### CS51 - Spring 2010 - Lecture 19

• Exercise 15.4.4

You are on a team that is developing a game, in which the player must escape from a monster. Both the monster and the player move through a space that looks like a grid. In a single move, the monster can move one space vertically, horizontally, or diagonally. The player can only move vertically or horizontally. However, the play can do something that the monster cannot do. The monster can never move off the grid. If it is at the right edge of the grid, for example, it cannot move to the right. The player, on the other hand, can move to the right, re-entering the grid on the opposite side. The player can make analogous moves off the left edge of the grid as well.

a. Write a method moveRight that takes an int parameter col that is the player's current column. The method should retrun an int that is the column into which the player should move if going right. You may assume that a constant COLS has been defined that gives the total number of columns in the grid.

b. Now write a method moveLeft.

• magic square
- a magic square is an n by n matrix
- containing the numbers 1 through n^2
- such that all the rows, columns and diagonals sum to the same number

• show MagicSquares demo
- How can we represent a magic square?
- an n by n integer array
- int[][] magicArray = new magicArray[n][n];
- if n is odd, you can build a magic square with the following rules
- put a 1 in the center of the bottom row
- place the next number (i.e. 2 follows 1, etc) in
- the cell one slot below and one slot to the right
- if you fall off the bottom or right, wrap around
- if that cell already has a number, put it in the slot above the original position (again, with wraparound)
- for an n by n integer array, how would we put a 1 in the center of the bottom row?
- magicArray[n-1, n/2] = 1;
- given row and col, what would be the square one slot below and right?
- row+1
- col+1
- how do we deal with wrap around for an n by n array?
- row + 1 % n
- col + 1 % n
- with wrap around, what is the column above col for an n by n array?
- col - 1 % n
- (col - 1 + n) % n

• show MagicSquares code (specifically MagicSquare.fillSquare)

• How is an image represented/stored in a computer?
- a common approach is a matrix of Colors (often represented by RGB values)
- How would we do this?
- Color[][] image

• show ImageEdit demo
- we have two window areas
- the one on the left is our image
- the one on the right is our modified image
- two variables
- Color[][] source
- Color[][] target
- other private variables
- private int height; // number of rows
- private int width; // number of cols
- grayscale
- modifies one pixel at a time
- What makes a color gray?
- gray colors have identical RGB values
- a measure of brightness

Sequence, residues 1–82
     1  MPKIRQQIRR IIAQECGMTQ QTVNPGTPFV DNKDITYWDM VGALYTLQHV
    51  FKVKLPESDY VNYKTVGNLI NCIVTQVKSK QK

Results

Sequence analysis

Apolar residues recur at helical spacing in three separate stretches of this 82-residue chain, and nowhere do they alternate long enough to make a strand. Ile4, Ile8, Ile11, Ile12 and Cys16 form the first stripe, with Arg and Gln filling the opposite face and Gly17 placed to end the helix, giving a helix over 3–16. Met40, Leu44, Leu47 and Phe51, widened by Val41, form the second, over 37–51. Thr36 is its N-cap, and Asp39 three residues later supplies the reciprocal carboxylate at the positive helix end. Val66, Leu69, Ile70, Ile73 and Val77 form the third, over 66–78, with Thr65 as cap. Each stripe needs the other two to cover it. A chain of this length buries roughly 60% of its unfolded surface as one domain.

- horizontal reversal
- to do this we'll have two for loops and fill in "target"
for( int row = 0; row < height; row++ ){
for( int col = 0; col < width; col++ ){
- let's look at a diagram - where does pixel row, col come from?
- row stays the same
- col is the distance from the col to the end of the image
- target[row][col] = source[row][width-col-1]
- target[row][col] = source[row][source[col].length-col-1]
- vertical inversion
- again, where does pixel row, col come from?
- column stays the same
- row is the distance from the row to the end of the image
- target[row][col] = source[height - row - 1][col]
- Is there a more efficient way of doing this?
for( int row = 0; row < height; row++ ){
target[row] = source[height-row-1]
- Is there any downside/difference to this second approach?
- rectangular averaging
- target is the average of the pixels in the source in a rectangular range
- private int range; // defines how far from the pixel we look in any direction
- let's start by not worrying about the boundary cases
for( int row = 0; row < height; row++ ){
for( int col = 0; col < width; col++ ){
int redSum = 0;
int greenSum = 0;
int blueSum = 0;
int count = 0;

for( int i = row-range; i < row+range+1; i++ ){
for( int j = col-range; j < col+range+1; j++ ){
redSum += source[i][j].getRed();
greenSum += source[i][j].getGreen();
blueSum += source[i][j].getBlue();
count++;
}
}

// average the values
target[row][col] = new Color(redSum/count, greenSum/count, blueSum/count);
}
}
- What do we need to add to account for the boundaries?
- Some useful functions
- Math.min
- Math.max
for( int i = Math.max(O,row-range); i < Math.min(width, row+range+1); i++ ){
for( int j = Math.max(0,col-range); j < Math.min(hieght, col+range+1); j++ ){

• look at MineSweeper

• larger dimensional arrays
- int[][][]
- the java language does not restrict the number of dimensions
- most implementations, max at 255

• extensible arrays
- how would you do it?
- java.util.ArrayList
- get(index) // returns value at index
- set(index, value) // sets value at index to be value

• Nibbles lab
- Snake is a 1D array and is an ActiveObject
- NibblesField is a 2D array
- keeps track of the state of the board
- also keeps track of what's going on on the screen
- 2 other support classes
- Position
- Direction
- look at moving the snake
- stretch and shrink
- two different ways of implementing
- how can we use stretch and shrink to move?
- how can we use stretch and shrink to move?
- lab has two parts
- code the Snake class (given a working implementation of the NibblesField class)
- once you've done this, code up the NibblesField class
- design
- only have to do a design for the Snake class, but make sure to think about the second part of the lab too
- may work in groups on the design (and only need to provide one design)